The Short Doc Challenge
Here at gnovis we rebooted our podcasting program in September. Since then we’ve had a few really great podcasts (and we have a few more coming out soon, I promise), but today we’re issuing a challenge to all our listeners, bloggers, and readers out there. Participate in the Third Coast International Audio Festival’s Short Docs challenge. Third Coast is a premiere venue for independent radio producers to put their work out there and have it evaluated alongside radio personalities from around the world, both young and seasoned. Each year in Chicago the festival issues several awards for things like Best Documentary; like the Grammy’s for radio. But it is also a national radio show, a weekly program on WBEZ, Chicago, a podcast, and an audio library. And occasionally, they issue challenges like this one. The Short Docs challenge invites everyday creative individuals (like you!) to jump into making radio. It goes like this:
participants should “produce a short audio story (2-3 minutes) that features at least two of your neighbors, includes a color in the title, and contains three consecutive seconds of narrative silence. Stories of all styles are welcome – from documentary to drama — and everything in between.”
That’s it, that’s all you have to do. These rules come from EveryBlock, a group out of Chicago that promotes “neighborhood and community solidarity.”
One term in the rules that people who have never made a radio story might be unfamiliar with is narrative silence. It is a trick of the radio production trade that Ira Glass of This American Life loves. If you break it down into bits it is not hard to understand the basic idea of narrative silence: it is a technique of telling a story through the absence of sound. Easy enough right? But how does it work. It doesn’t really work when your story is all silence. Sure, in some abstract way it does work, but for practical purposes a story of complete silence relies a lot on the assumption that both you and your listener have the same story in mind from the beginning. In practice it means adding silence after someone in a radio story says something profound, or makes a point that you want your listeners to reflect on before moving on to the next part of the story. No music, no ambient sound, just silence. There are many examples of this working in the radio world. Its in almost every episode of This American Life, all the American RadioWorks documentaries, and even some shorter stories on news magazine programs like All Things Considered. Third Coast gives an example from John Biewen’s piece Scared.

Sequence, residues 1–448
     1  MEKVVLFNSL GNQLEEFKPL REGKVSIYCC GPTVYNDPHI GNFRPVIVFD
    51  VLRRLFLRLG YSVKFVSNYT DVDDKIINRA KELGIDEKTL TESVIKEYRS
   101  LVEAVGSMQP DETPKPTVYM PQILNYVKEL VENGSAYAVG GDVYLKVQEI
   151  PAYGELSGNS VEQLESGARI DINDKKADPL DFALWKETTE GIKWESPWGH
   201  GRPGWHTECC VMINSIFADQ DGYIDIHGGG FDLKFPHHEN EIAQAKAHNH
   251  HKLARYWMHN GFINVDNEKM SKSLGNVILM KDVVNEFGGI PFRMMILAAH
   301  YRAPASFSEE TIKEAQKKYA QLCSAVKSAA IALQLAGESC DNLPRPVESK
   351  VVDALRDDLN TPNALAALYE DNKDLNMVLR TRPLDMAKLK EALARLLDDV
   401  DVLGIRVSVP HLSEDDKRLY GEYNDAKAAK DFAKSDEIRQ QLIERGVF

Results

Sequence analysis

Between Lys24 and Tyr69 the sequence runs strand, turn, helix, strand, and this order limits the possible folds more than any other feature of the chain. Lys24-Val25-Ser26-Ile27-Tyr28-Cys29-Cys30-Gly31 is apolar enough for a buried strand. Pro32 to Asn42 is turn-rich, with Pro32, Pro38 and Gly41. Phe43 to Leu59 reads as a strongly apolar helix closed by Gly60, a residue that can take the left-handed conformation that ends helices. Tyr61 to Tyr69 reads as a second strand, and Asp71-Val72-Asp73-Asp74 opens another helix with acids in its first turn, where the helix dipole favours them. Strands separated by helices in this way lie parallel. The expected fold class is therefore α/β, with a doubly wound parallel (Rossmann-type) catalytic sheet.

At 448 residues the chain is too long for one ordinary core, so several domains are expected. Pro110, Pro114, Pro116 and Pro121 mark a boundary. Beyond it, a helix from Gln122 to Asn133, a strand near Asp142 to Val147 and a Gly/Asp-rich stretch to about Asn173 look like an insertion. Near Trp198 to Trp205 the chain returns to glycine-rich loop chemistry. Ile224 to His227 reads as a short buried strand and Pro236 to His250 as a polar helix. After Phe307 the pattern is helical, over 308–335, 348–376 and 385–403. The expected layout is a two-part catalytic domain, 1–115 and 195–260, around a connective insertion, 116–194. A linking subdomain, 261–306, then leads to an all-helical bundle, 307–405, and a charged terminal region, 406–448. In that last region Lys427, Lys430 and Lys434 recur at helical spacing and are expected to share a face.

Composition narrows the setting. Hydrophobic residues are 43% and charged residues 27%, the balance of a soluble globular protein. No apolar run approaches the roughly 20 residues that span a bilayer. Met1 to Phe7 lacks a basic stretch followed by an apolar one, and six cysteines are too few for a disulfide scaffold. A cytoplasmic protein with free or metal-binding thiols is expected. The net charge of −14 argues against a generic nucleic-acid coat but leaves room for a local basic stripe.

Give it a listen. About 1:40 in, you’ll hear Biewen ask how old his daughter is. 8, she answers, and then at 1:51, silence. Then, “I’m scared,” she says surrounded by the sound of crickets outside. Then silence. Then Biewen says, “but you have to let go. Let her go, little by little,” as he, the narrator comes to terms with his daughter growing from the innocent child she was four seconds earlier, into the teenager, capable of making her own decisions she becomes four seconds later. Biewen is a professional producer. He recorded that piece over the course of thirteen years. No matter how many times I listen to it, though, I am struck at the sheer, almost frightening quality of the silence that starts at a minute-fifty. It’s a perfect demonstration of how powerful silence can be in a short story like the ones you will make for this challenge. Third Coast has its own incentives for this challenge including free SoundCloud upgrades for the winners, early submitters, and the permanent hosting of all the stories on the Third Coast SoundCloud account. (More on that here.)
For any gnovis readers out there who participate in the challenge, we will also feature your audio as part of a special podcast. All you’ll have to do is send your story to us. Share the uncompressed audio file (preferrably wav, but an mp3 320 if you must compress) with us by sending an email to multimedia[at]gnovisjournal.org. If you send it to us on SoundCloud, make sure we can download it. We really hope you will submit to Third Coast and to us. This is a great opportunity.
TL/DR: Third Coast International Audio festival recently launched a short doc challenge. You can submit to them by visiting the TCIAF webpage. We are encouraging our readers and listeners to participate and will include any submissions sent to us in a special podcast.
- Your story should be short, 2-3 minutes.
- It must include at least two of you neighbors.
- It must include a color in the title.
- It must contain thee seconds of narrative silence
Recommended Listening: American RadioWorks